The last debate between the two Democrat candidates before Super Tuesday was held on Thursday, January 31, 2008 in Los Angeles at the Kodak Theater. Outside the theater, a group called Act Now to Stop War and End Racism (ANSWER), in conjunction with a few other anti-war groups, was protesting the event, citing that neither candidate at the debate intended to get the troops out of Iraq before the end of their potential first term. In Manhattan, where a Generation Obama chapter was hosting a debate viewing event at the Grand in Midtown, that message about Senator Barack Obama''s views on Iraq, being chanted several thousand miles away, could not have more distant.
At the outset of the event, which included music and an opportunity for Obama supporters and undecideds to sit together in posh, comfortable, charcoal gray couches to discuss the election, veterans associated with the campaign spoke on behalf of the Senator.
The first of the four veterans to speak, Matt Flavin, a member of Obama's Veterans Advisory Committee who joined the military post 9/11 and served tours in Bosnia, Afghanistan and Iraq, recalled a story from his time campaigning in South Carolina.
"Last week, while sitting in the headquarters in South Carolina, we saw a person, sitting in a wheelchair come in," Flavin said. "He got up to the entranceway and got in and started saying three words. They were muffled, indiscernible... finally we realized what he was saying. 'Bring change please, bring change please.' And it turns out that when his wife showed up that he and his wife are both homeless veterans, one of 200,000 homeless veterans in this country. He had come a mile and a half in his wheelchair with a sign...... So tonight, my message, based on that plea, is that you all take the opportunity to vote for somebody instead of against the other person."
After the guest speakers had delivered their respective messages, volunteers continued to hand out flyers about the Senator's views on various campaign topics.
"Put it on your fridge and inform other undecided voters," Todd Sutler, a campaign volunteer and third grade teacher from Washington, said of what he characterized as an Obama cheat sheet. Particularly after rumors that Obama is a closeted Muslim became rampant in recent weeks, the volunteers emphasized the importance of spreading the right message to undecided voters.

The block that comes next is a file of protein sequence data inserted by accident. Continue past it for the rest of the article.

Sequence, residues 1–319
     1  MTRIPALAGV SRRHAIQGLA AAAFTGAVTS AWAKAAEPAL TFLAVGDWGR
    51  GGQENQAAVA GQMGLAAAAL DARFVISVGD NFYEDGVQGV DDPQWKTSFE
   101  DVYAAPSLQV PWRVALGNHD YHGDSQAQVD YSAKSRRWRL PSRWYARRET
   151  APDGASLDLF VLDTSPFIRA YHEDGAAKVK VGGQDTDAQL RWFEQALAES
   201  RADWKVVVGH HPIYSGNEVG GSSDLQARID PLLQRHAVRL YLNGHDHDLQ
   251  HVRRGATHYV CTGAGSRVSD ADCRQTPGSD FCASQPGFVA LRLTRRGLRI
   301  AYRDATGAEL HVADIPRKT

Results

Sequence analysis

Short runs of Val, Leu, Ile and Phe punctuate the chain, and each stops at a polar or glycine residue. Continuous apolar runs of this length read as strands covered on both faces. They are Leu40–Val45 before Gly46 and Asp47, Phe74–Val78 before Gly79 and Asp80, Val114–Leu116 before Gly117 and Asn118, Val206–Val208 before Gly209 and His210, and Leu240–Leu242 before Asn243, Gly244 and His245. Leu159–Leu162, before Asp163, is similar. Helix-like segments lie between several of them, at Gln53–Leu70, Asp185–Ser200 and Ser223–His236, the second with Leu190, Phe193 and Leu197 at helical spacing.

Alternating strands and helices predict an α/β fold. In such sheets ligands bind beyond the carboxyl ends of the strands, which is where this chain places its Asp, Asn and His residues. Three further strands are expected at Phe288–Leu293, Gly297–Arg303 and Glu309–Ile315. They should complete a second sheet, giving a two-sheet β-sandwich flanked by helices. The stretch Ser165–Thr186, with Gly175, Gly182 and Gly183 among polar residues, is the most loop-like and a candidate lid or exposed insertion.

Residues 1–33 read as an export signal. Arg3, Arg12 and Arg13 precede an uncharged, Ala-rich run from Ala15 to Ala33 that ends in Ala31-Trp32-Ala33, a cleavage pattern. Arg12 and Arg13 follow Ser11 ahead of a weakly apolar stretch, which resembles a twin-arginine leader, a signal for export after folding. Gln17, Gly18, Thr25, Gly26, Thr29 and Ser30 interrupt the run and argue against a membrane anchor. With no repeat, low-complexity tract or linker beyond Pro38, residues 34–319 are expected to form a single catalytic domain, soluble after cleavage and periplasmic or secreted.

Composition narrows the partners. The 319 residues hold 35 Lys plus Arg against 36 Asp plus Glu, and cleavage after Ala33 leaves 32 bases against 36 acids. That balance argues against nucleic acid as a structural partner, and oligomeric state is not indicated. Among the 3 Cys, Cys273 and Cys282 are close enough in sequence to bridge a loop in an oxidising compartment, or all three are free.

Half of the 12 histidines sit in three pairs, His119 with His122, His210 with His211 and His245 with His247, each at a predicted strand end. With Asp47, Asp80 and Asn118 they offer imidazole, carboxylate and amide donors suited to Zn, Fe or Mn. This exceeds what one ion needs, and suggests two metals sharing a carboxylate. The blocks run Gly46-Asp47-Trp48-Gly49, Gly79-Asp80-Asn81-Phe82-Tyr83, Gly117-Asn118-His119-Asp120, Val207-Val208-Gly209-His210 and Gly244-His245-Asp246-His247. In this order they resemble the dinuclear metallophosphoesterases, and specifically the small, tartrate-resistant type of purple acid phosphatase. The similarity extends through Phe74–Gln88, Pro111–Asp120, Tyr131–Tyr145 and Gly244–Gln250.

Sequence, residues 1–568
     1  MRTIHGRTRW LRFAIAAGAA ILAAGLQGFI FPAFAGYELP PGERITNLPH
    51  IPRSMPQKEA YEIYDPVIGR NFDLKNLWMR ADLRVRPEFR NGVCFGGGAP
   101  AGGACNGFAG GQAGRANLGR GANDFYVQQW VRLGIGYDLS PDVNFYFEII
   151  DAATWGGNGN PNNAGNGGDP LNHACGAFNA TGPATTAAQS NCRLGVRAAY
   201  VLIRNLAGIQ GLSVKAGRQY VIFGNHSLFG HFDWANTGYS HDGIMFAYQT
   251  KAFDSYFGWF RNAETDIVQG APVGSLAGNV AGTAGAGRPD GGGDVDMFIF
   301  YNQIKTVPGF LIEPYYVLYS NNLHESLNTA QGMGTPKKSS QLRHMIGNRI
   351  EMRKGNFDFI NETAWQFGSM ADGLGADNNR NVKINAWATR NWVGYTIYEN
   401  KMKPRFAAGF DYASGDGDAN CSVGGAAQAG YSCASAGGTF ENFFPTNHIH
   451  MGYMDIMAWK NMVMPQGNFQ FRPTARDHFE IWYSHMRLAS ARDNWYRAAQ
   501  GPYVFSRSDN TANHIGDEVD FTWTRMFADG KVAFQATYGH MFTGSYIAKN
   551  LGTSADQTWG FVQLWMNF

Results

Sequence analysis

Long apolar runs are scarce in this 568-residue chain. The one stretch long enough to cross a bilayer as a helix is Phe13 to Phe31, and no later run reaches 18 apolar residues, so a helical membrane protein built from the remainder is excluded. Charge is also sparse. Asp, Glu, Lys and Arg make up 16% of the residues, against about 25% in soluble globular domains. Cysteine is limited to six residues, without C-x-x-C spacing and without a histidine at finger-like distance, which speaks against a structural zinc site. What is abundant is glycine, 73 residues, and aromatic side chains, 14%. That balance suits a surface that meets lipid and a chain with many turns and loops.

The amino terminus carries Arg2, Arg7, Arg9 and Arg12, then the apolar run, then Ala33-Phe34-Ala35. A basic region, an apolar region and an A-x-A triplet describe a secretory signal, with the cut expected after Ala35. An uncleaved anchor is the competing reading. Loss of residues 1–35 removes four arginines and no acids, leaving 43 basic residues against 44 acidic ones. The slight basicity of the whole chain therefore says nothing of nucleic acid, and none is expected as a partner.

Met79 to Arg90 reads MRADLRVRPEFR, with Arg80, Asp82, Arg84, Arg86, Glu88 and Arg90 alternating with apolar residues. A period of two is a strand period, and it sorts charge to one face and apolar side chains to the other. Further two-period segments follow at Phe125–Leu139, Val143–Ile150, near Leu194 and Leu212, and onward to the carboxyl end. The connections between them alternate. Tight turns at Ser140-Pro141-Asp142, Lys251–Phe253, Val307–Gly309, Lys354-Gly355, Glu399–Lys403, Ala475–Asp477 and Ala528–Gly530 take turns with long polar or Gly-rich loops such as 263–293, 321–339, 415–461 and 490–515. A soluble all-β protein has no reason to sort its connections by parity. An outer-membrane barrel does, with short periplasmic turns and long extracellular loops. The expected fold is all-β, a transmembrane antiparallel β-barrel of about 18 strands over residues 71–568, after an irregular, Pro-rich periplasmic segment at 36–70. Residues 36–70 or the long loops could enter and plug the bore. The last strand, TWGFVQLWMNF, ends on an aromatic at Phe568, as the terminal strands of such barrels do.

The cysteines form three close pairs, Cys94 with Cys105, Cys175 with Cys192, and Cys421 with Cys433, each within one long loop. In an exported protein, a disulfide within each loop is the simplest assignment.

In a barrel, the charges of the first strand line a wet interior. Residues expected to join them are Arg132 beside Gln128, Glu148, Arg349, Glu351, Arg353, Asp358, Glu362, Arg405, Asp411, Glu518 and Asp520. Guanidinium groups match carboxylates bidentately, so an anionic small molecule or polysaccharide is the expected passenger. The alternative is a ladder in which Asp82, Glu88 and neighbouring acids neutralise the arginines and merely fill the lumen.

Beneath Obama's mantra about his global vision lies the section of the flyer devoted to his Iraq war policies. Among the various points that Obama makes, the so-called cheat sheet, entitled "A New Yorker's Guide to Barack Obama", states, "As President, Obama will: immediately being to pull out troops engaged in combat operations at a pace of one or two brigades every month, to be completed by the end of 2008."
Not only did Obama get an opportunity to address his Iraq war policy in this flyer, but he was also asked about it at the debate. Toward the beginning of the debate, Obama said, " Well, you know, I think it is important for us to be as careful getting out as we were careless getting in...So I have said very clearly: I will end this war. We will not have a permanent occupation and we will not have permanent bases in Iraq... When John McCain suggests that we might be there 100 years, that, I think, indicates a profound lack of understanding that we've got a whole host of global threats out there, including Iraq, but we've got a big problem right now in Afghanistan... but I do think it is important for us to set a date. And the reason I think it is important is because if we are going to send a signal to the Iraqis that we are serious, and prompt the Shia, the Sunni and the Kurds to actually come together and negotiate, they have to have clarity about how serious we are."
Many people who attended the Generation Obama rally in New York noted the importance of Obama's consistent view on the war in Iraq, mentioning that he is the only Democratic candidate who has been against the war from the start.
The war in Iraq seemed to be one of the winning points of the debate for Obama, as he pointed out that Senator Hillary Clinton was not always against the war and then Wolf Blitzer, during the CNN debate, tried to edge her into saying that voting for presidential authorization of the war was a mistake.